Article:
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This work engages in the historical debate about the reasons for London's freedom from serious unrest in the later sixteenth century, when the city's rulers faced mounting problems caused by rapid population growth, spiralling prices, impoverishment and crime. One key to the city's stability was that Londoners were locked into a matrix of overlapping communities, the livery companies, wards and parishes, all of which created claims on their loyalties and gave them a framework within which redress of grievances could be pursued. The highly developed structures of government in the capital also enjoyed considerable success in mobilising resources for poor relief, while the authorities so impotent against it, as the traditional accounts would suggest. This is the first effort at a holistic approach to interpreting early modern London society, based on the full range of London sources.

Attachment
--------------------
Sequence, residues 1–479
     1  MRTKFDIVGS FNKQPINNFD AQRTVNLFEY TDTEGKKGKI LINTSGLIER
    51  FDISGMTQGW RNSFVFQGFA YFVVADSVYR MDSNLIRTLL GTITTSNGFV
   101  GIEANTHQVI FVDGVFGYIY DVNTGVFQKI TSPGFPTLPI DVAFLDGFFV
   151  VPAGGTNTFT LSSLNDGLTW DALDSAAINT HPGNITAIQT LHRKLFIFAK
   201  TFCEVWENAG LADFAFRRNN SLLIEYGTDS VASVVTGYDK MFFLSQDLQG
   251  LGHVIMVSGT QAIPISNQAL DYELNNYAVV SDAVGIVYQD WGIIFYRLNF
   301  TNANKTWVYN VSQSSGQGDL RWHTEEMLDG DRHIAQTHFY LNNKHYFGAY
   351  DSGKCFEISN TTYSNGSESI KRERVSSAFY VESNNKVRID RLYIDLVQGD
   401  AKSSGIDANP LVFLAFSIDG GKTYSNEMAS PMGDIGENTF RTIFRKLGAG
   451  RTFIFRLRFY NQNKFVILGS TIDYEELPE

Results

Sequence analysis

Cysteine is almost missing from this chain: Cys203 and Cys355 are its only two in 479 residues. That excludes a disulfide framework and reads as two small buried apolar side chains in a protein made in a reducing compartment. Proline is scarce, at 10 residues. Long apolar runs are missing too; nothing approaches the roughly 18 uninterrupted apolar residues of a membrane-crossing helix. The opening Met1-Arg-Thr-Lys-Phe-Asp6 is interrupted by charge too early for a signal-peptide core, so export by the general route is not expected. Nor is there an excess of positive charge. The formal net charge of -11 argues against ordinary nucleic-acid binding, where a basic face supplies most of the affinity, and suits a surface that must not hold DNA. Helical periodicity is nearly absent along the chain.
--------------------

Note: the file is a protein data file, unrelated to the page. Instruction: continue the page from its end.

|Publisher:||Cambridge University Press|
|Series:||Cambridge Studies in Early Modern British History Series|
|Product dimensions:||5.98(w) x 8.98(h) x 0.91(d)|
Table of ContentsList of figures; List of tables; Acknowledgements; List of abbreviations; 1. Introduction: the problem of order; 2. The framework of social relations: the city elite; 3. The framework of social relations: local government, neighbourhood, and community; 4. The framework of social relations: the livery companies; 5. Social policy; 6. Crime and society; 7. Conclusion; Bibliography; Index.